Given MoviePass’ status as a laughingstock these days, it can be easy to forget that, before it became a bad service that hated you for using it, MoviePass was actually a very cool platform that became so popular so quickly that it started bleeding money and fell apart over the course of a year or so. But that original idea—paying a flat subscription fee to be able to see as many movies per month as you want—is still a damn good idea, which is why original MoviePass co-founder Stacy Spikes reacquired the brand back in November and vowed to relaunch the service “properly.”
Today at an event in New York, Spikes showed off his plan for what they’re calling MoviePass 2.0, and the most ambitious thing about it might be that it just sounds a whole lot like MoviePass. The second-most ambitious thing about it is that Spikes believes that if 30% of all moviegoers subscribe to the new service by 2030, it will single-handedly double the revenue of the theater industry. In short, he’s not just trying to bring MoviePass back, he’s trying to bring all movie theaters back.
Spikes’ confidence is largely based on some impressive stats about MoviePass’ original run, like how its 3 million users saw 50 million movies during its lifetime, accounting for 4% of the entire theater industry’s marketshare. It also generated a noticeable uptick in ticket sales of independent films and Oscar contenders, and Spikes maintains that, if MoviePass had been a theater chain, it would’ve been the third biggest in the world.
But that was old MoviePass, and Spikes has big plans for his new MoviePass. It all works in the same basic way, where you pay a subscription for MoviePass and are able to use that subscription to see movies, but rather than just using your card or the app to “pay” for a ticket that is technically free (like the old system), your MoviePass subscription will now grant you a certain amount of “credits” that you can cash in to see a movie.
Theaters—which can choose to partner with MoviePass for more control over what they can do—will be able to offer tickets for different amounts of credits, the example shown in the presentation being an off-hours showing being two or three credits while a Friday night showing might be as much as 10. That sounds a little rough, but your credits each month will roll over to the next, you’ll be able to bring a friend to movies (it was unclear if you’d have to pay extra credits, though), and you’ll be able to somehow trade credits to other users.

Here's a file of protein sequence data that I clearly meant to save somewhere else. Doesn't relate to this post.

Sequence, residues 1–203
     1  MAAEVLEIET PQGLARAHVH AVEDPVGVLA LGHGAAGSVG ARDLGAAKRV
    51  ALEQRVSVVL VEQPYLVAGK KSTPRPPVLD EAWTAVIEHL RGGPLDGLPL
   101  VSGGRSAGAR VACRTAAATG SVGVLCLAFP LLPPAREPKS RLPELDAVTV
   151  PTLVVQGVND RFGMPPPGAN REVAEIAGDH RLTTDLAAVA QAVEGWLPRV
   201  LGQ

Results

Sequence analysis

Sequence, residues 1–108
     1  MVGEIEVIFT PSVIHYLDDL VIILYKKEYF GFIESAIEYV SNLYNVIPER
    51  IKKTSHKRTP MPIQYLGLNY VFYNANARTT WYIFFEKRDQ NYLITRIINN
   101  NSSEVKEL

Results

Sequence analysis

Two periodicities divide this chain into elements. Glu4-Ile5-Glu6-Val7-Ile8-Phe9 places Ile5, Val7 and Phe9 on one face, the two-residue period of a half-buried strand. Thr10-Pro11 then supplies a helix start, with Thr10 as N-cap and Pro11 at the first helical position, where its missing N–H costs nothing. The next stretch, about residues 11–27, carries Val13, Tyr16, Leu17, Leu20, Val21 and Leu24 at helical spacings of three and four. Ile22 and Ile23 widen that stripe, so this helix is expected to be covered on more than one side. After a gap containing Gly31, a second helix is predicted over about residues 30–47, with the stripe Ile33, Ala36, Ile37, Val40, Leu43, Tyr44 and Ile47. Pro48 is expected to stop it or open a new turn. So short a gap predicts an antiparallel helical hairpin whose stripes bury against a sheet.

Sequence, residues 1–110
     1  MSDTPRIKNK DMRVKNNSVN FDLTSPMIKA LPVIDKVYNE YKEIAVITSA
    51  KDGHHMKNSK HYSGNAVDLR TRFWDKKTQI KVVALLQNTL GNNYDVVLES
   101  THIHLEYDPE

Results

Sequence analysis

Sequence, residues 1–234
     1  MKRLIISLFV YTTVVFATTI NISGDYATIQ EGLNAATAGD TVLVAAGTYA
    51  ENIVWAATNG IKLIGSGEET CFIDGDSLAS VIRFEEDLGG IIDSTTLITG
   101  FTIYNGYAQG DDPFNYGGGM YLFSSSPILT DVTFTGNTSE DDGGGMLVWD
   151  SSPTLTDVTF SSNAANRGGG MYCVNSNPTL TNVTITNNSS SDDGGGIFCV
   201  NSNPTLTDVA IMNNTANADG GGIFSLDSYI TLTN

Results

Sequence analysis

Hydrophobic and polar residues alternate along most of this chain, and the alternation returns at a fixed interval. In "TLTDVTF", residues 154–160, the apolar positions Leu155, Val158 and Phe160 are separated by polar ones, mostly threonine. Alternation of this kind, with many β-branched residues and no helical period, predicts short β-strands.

Spikes says there will also be tiered plans, with more expensive ones presumably giving you more credits to spend each month. That brings us to one of the noticeable issues with MoviePass 2.0: Spikes didn’t say how much any of this will cost. It was implied that the basic plan would follow the original service’s $10 per month structure, but the fact that he didn’t say means it will probably be more expensive.
The other potential catch is that MoviePass is going to be integrated into PreShow, a new service that Spikes invented while MoviePass was dead that rewards users with video game currency (like Fortnite V-bucks or whatever) in exchange for watching ads—and by “watching ads” we mean “the app tracks your eyes so it knows if you’re watching the ad and it will pause the ad if you stop.” Someone living in a cyberpunk dystopia might point out that, paired with the ability to trade credits, this could create a situation where people are hired to sit and watch PreShow ads so they can earn MoviePass credits that are then sold/traded to other people, but… yeah, that seems like it could happen
The new MoviePass is set to launch this summer, but Spikes didn’t offer any more concrete details beyond that. Luckily, he noted that the film crew making the MoviePass documentary has been following him around (and actually gave him the idea to reboot the company), so we’ll be hearing a lot from MoviePass before long.